Academic journal article Studia Anglica Posnaniensia: international review of English Studies

The Author and the Reader-"Us and Them" in Maria Edgeworth's Texts for Children and Young Adults

Academic journal article Studia Anglica Posnaniensia: international review of English Studies

The Author and the Reader-"Us and Them" in Maria Edgeworth's Texts for Children and Young Adults

Article excerpt

ABSTRACT

The paper attempts to tackle the hyphenated self of Maria Edgeworth as Anglo-Irish writer in her books for children and young adults, reflected not only in the fact of the occasional introduction of Irish characters or Irish setting but also at the deeper level of the identity of the narrative voice and the implied reader of these texts. It attempts to show that the Anglo/Irish ratio in the narrative voice of Edgeworth's texts is a fluctuating value, defining itself in the opposition to the implied reader, whose identity is in turn constantly changing sides as well, hovering between the poles of "us" and "them".

Maria Edgeworth's texts for children attract an increasing critical attention nowadays, when pre-Victorian texts for children written by such authors as Hannah More, Anna Laetitia Barbauld and Maria Edgeworth are re-discovered by critics who read them not as examples of grinding Enlightenment didacticism but as, for instance, "subtle rewriting and personalizing of moral tale conventions" which "illuminates themes central to Georgian female life and to contemporary feminist critique as well" (Myers 1991: 98). While the attention of previous critics was focused mostly on the anecdotal aspects of Edgeworth's life (her father's pedagogical experiments on his own children or the famous library where Edgeworth wrote and her numerous siblings, and later nephews and nieces tumbled about) (Myers 1994: 58), the contemporary criticism is concentrated around the discussion of Edgeworth's texts for children and the social and political issues they are involved with.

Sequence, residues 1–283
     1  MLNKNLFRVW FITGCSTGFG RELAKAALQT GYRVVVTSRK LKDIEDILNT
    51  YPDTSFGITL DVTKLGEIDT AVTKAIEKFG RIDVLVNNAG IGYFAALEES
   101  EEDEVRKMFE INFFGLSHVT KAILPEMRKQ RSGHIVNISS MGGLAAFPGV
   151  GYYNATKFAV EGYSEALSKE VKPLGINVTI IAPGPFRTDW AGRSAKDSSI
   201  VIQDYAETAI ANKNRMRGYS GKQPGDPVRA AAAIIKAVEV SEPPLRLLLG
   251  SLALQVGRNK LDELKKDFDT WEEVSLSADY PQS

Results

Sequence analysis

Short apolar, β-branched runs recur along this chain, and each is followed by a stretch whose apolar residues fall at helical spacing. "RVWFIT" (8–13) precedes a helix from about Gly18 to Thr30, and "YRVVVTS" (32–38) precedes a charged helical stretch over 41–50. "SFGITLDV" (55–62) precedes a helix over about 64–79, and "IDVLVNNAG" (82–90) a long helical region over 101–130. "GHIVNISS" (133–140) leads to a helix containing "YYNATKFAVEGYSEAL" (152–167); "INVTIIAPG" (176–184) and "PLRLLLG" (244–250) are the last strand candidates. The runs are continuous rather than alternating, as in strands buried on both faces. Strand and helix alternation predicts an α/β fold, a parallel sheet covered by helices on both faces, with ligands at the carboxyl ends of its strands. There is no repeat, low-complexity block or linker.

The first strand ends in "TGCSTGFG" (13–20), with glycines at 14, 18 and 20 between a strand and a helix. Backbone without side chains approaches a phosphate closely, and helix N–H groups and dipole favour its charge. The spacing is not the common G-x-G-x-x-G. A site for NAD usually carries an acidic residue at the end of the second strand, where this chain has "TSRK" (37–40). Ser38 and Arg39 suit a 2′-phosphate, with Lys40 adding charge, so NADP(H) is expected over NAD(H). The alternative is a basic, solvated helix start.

An encyclopaedic label often applied to Maria Edgeworth--that is, that of an "Anglo-Irish writer" describes in a quite accurate way the problematical position occupied by Edgeworth which situates her across the political, social and religious divide. Maria Edgeworth, the descendant of the Elizabethan settlers, belonged to this curious class of people who felt they owed their allegiance both to Great Britain and to Ireland. Edgeworth's writings are hailed as one of the first examples of Irish regional writing, crucial in shaping the Irish national identity. This paper attempts to analyze the national identity of Edgeworth's Irish characters in her texts for young readers, the identity of the narrator and that of the implied reader or target audience. The close reading of these texts shows that the impression of Edgeworth's being an advocate of the Irish is a superficial one. Indeed, if the implied reader is English, Edgeworth's narrator stands up for the Irish, trying to negotiate the cultural differences. However, when the implied readers are Irish, the narrative voice directed to them is an unmistakably English one, pointing out all the aspects in which the Irish fall lamentably short of the English ideal. Edgeworth is primarily the advocate of the Union between Ireland and Britain, and the narrating voice is the one of the translator, whose aim is not only to reconcile two antagonistic societies, but also in the long run to bring the stray Irish sheep into the British fold.

It should be noticed at the beginning that in Edgeworth's books for children, whenever the regional identity of her characters is mentioned, these are usually working-class children. The regional identity is then important to explain the curious accent of the characters appearing there, their quaint customs (for instance, celebrating Mayday in "Simple Susan") or jobs peculiar to a particular region. Children of the upper classes, like her most popular heroine Rosamond of "The purple jar" and other stories, seem to live in households that could be located anywhere in Britain. For this reason the choice of texts for this paper is rather limited: the texts included in this paper are "Angelina; or, L'amie inconnue" of The moral tales (1801) and "The orphans" and "The white pigeon" of The parent's assistant (1796). I am also going to refer occasionally to "Limerick gloves" and "Rosanna", two texts from The popular tales (1804), which were not intended for children but for working-class "young adults"--readers placed, as Richard L. …

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